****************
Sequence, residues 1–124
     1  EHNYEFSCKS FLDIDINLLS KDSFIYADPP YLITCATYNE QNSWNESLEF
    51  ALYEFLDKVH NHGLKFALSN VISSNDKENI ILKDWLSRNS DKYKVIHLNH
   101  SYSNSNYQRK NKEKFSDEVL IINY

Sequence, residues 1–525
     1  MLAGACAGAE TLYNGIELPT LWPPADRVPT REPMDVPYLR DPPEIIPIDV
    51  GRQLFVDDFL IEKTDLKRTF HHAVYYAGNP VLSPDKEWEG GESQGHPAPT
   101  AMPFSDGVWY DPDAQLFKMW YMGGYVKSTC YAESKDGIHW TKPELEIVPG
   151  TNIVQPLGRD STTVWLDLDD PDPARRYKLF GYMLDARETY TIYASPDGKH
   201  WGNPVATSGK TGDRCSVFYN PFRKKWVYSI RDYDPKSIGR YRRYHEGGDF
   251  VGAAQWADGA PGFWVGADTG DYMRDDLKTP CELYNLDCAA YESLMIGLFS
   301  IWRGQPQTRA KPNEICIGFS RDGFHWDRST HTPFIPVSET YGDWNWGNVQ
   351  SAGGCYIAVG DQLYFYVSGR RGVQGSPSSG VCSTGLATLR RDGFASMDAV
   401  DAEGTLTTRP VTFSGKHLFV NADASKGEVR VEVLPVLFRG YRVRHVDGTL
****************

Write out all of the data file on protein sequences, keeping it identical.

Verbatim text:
Sequence, residues 1–124
     1  EHNYEFSCKS FLDIDINLLS KDSFIYADPP YLITCATYNE QNSWNESLEF
    51  ALYEFLDKVH NHGLKFALSN VISSNDKENI ILKDWLSRNS DKYKVIHLNH
   101  SYSNSNYQRK NKEKFSDEVL IINY

Sequence, residues 1–525
     1  MLAGACAGAE TLYNGIELPT LWPPADRVPT REPMDVPYLR DPPEIIPIDV
    51  GRQLFVDDFL IEKTDLKRTF HHAVYYAGNP VLSPDKEWEG GESQGHPAPT
   101  AMPFSDGVWY DPDAQLFKMW YMGGYVKSTC YAESKDGIHW TKPELEIVPG
   151  TNIVQPLGRD STTVWLDLDD PDPARRYKLF GYMLDARETY TIYASPDGKH
   201  WGNPVATSGK TGDRCSVFYN PFRKKWVYSI RDYDPKSIGR YRRYHEGGDF
   251  VGAAQWADGA PGFWVGADTG DYMRDDLKTP CELYNLDCAA YESLMIGLFS
   301  IWRGQPQTRA KPNEICIGFS RDGFHWDRST HTPFIPVSET YGDWNWGNVQ
   351  SAGGCYIAVG DQLYFYVSGR RGVQGSPSSG VCSTGLATLR RDGFASMDAV
   401  DAEGTLTTRP VTFSGKHLFV NADASKGEVR VEVLPVLFRG YRVRHVDGTL